City officials acknowledged that the normal rules may not apply to the former president.
·Chief Investigative Correspondent
Tue, 21 March 2023 at 1:29 am GMT
Manhattan District Attorney Alvin Bragg’s office is wrestling with whether to enforce standard procedures for Donald Trump — including handcuffing him and forcing him to undergo a humiliating “perp walk” — if he is indicted this week on charges that he paid off a porn star to keep silent about an alleged sexual affair, according to a source directly familiar with discussions about the issue.
The questions about how to treat Trump, if, as many expect, he becomes a criminal defendant in coming days, has emerged as a central issue in the ongoing negotiations between Bragg’s office and city and federal law enforcement agencies, including the U.S. Secret Service, which is charged with protecting the safety of former presidents.
It has long been standard protocol for white-collar defendants charged with felony crimes in New York City that they are brought into a courthouse in lower Manhattan for processing. Once there, defendants are held in a jail cell, while authorities begin the process of fingerprinting them, taking their mug shots, and then escorting them, almost always in handcuffs, down a hallway on another floor to a courtroom in full view of cameras and the media — the proverbial “perp walk.”
But city officials acknowledge that the normal rules may not apply to Trump. The purported purpose of jailing and then handcuffing the defendants is to prevent them from fleeing, a scenario that would be highly unlikely, if not impossible, for someone as well-known as Trump.
“This is not normal,” said the source familiar with the ongoing negotiations. “This is somebody who has a protective detail.” The Secret Service, the source added, has a “great argument” that it would be literally impossible for Trump to flee the scene inside a New York City courthouse, when he will be surrounded by federal agents.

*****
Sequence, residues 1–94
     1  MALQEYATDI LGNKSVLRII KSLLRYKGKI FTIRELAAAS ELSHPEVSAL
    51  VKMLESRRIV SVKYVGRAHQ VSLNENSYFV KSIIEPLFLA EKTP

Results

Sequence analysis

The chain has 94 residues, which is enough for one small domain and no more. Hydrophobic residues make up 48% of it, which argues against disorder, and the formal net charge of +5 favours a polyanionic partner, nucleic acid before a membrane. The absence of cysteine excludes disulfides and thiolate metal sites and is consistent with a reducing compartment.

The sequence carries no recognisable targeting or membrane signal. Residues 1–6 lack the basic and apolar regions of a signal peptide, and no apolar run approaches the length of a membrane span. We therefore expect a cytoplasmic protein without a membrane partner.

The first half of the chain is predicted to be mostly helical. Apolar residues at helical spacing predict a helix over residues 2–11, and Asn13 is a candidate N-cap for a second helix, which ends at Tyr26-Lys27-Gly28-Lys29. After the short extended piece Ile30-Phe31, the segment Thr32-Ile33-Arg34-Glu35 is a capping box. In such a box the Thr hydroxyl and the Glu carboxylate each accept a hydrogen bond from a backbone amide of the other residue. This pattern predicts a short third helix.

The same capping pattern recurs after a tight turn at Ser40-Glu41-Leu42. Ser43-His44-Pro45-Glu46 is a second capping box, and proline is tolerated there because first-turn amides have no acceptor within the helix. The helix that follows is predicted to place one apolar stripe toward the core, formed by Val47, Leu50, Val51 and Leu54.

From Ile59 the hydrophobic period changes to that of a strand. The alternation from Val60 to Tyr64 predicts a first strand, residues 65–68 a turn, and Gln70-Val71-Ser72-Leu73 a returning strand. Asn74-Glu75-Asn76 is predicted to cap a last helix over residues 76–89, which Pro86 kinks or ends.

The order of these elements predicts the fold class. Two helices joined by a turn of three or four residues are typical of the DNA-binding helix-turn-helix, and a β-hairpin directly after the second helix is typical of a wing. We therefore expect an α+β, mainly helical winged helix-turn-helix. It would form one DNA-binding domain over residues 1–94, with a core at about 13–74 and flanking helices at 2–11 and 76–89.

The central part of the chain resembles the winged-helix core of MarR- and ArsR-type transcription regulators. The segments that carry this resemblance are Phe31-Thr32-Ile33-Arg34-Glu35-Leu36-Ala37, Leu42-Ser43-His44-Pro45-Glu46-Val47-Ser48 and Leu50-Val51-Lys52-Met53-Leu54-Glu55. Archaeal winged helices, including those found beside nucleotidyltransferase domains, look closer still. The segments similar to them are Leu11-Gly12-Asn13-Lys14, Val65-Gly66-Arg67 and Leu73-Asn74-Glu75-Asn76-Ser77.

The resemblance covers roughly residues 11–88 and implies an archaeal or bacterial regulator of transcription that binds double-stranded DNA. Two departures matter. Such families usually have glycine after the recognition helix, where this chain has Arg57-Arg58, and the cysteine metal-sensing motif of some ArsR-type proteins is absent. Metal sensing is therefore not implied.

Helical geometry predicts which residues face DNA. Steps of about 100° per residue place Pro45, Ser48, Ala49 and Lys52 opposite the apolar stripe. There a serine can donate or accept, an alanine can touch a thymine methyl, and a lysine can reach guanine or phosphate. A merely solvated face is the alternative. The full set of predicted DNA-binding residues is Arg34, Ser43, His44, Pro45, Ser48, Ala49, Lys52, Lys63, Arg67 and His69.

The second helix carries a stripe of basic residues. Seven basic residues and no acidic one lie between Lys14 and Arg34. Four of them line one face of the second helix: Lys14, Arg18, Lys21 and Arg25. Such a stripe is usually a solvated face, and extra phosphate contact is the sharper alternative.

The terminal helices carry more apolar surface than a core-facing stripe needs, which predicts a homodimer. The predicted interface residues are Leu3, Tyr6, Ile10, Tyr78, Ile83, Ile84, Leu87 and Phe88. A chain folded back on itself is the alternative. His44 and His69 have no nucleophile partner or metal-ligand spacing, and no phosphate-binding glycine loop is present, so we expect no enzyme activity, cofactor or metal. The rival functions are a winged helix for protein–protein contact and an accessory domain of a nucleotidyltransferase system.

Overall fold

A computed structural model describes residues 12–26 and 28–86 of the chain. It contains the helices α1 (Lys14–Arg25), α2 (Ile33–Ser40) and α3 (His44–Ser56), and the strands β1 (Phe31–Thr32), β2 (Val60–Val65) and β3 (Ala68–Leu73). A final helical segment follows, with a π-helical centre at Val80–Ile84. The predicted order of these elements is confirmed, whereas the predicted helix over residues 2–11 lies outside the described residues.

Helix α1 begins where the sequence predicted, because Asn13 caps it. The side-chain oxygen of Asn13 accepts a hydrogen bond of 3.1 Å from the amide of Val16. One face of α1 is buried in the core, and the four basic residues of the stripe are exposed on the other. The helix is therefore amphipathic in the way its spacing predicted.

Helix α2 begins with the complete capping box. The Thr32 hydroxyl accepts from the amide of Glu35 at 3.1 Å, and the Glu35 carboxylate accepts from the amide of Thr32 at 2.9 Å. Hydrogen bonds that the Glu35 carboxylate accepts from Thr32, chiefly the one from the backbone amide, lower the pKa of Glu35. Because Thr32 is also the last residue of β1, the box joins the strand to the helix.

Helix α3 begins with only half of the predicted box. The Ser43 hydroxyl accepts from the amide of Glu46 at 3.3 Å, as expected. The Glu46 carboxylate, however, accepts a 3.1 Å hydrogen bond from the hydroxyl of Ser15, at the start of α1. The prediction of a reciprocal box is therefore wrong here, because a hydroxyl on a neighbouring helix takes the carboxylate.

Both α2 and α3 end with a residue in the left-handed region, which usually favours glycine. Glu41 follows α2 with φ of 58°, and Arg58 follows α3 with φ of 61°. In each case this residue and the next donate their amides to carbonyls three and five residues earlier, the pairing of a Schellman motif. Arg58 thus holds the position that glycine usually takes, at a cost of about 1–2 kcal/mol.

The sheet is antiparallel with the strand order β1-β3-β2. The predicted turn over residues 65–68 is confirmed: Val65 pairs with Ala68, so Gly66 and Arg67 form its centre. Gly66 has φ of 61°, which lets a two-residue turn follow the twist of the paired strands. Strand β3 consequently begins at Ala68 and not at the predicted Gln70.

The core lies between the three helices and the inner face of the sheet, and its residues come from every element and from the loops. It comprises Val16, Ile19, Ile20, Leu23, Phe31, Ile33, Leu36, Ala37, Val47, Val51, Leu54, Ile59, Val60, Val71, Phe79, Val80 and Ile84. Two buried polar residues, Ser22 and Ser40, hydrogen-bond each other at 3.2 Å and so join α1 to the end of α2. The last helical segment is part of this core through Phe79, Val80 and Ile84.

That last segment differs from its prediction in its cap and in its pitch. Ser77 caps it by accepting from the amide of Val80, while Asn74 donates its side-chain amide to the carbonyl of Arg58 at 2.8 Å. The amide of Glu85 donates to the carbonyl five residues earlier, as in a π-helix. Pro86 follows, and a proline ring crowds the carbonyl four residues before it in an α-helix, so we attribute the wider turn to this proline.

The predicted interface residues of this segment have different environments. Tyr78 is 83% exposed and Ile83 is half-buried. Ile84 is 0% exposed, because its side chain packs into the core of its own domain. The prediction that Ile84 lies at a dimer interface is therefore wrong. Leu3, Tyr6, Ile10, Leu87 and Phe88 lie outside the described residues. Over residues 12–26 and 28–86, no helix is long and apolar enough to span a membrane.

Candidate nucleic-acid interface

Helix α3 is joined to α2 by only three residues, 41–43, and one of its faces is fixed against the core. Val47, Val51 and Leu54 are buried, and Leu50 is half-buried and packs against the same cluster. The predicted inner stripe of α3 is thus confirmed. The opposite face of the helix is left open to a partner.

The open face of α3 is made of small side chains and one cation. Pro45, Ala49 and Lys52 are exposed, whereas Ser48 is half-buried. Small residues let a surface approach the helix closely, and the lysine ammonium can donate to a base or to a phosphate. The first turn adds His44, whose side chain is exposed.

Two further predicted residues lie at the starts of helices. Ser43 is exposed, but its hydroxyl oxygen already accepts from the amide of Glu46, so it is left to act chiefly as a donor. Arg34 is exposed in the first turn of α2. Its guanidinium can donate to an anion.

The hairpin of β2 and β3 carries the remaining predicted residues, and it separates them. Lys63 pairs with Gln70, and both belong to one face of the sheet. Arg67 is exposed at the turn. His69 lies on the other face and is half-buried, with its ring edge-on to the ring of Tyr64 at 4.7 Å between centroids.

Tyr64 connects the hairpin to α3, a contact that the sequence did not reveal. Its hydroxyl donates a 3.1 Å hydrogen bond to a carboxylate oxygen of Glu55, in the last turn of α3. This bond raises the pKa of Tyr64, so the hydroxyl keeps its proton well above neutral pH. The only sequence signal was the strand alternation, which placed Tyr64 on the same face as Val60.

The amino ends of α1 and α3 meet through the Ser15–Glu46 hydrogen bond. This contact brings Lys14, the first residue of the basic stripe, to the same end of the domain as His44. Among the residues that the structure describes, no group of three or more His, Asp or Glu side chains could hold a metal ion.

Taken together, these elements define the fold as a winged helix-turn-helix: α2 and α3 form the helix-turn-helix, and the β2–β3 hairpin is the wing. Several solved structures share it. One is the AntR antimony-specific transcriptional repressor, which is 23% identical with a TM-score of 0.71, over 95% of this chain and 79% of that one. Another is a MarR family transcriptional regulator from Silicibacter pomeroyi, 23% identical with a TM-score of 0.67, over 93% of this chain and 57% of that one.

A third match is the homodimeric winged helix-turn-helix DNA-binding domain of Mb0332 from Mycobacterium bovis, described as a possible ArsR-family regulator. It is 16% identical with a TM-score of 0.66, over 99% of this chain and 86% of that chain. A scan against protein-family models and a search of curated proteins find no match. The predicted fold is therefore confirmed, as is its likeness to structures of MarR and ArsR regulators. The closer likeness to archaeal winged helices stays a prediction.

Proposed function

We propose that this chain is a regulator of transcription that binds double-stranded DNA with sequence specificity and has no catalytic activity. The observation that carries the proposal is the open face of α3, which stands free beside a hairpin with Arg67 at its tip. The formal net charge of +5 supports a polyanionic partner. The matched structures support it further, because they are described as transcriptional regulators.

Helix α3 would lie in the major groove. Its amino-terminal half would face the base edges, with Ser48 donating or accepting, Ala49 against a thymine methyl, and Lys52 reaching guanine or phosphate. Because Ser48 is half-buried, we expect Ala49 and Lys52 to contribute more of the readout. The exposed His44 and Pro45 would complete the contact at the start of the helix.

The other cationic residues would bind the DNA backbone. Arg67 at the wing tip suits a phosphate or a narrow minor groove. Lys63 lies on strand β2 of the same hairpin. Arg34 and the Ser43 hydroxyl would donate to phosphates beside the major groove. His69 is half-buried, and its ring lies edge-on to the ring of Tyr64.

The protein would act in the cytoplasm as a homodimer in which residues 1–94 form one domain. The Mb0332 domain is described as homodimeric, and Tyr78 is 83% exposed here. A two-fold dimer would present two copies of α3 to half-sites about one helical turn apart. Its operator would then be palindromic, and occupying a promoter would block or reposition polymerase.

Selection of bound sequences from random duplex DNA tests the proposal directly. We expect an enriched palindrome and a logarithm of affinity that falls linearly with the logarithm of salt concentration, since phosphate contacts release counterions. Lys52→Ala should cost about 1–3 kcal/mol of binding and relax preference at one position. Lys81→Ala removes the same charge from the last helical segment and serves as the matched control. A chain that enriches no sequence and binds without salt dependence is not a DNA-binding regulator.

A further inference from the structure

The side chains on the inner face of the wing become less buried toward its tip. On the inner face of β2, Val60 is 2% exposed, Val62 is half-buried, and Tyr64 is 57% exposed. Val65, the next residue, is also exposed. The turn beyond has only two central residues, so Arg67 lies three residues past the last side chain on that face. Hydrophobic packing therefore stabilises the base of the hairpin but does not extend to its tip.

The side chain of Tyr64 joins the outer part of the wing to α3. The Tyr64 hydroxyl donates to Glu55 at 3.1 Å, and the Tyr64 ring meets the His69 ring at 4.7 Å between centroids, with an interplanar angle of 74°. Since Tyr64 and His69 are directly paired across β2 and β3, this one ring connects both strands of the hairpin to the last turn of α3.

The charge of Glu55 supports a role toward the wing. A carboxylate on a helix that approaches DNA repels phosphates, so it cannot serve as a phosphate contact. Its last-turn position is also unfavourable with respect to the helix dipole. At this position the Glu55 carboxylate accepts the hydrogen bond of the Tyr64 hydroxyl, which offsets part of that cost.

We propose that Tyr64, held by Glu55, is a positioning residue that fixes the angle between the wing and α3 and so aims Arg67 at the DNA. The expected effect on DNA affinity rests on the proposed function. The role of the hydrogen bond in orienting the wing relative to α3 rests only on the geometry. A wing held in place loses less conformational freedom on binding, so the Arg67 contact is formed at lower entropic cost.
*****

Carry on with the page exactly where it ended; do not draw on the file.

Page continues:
On the other hand, Bragg and the prosecutors in his office have made it clear they intend to treat Trump as they would any other defendant. So ultimately, the source said, it will be Bragg’s decision whether he wants to play hardball and force Trump to undergo standard procedures, or to make special accommodations for an individual who would be the first former president of the United States to be charged with criminal conduct.
On Monday, at the request of Trump’s lawyers, Robert Costello — a lawyer who once represented Trump’s chief accuser, Michael Cohen — spent several hours before the grand jury challenging aspects of his former client’s account of paying $130,000 to the porn star Stormy Daniels in the closing weeks of the 2016 presidential campaign, to keep her from talking about an alleged one-night sexual fling 10 years earlier.
Although they had Cohen on standby as a potential rebuttal witness, Bragg’s prosecutors did not call on him — a possible indication that they didn’t feel Costello made any dent in their case.
As a result, the source said, the grand jury could vote to indict Trump this week, with the former president making an appearance for booking and his arraignment in New York either on Thursday or Friday. The source added, however, that in view of the complicated logistics, the indictment and arraignment could “slip” to next week.
In the meantime, the source said, New York City police are ramping up security, amid heightened concerns in light of Trump’s call for his supporters to “protest” any indictment.
Among the security measures, the source said, plainclothes detectives in New York City have been told to wear their uniforms all week, in case they are urgently needed should any protests get out of control.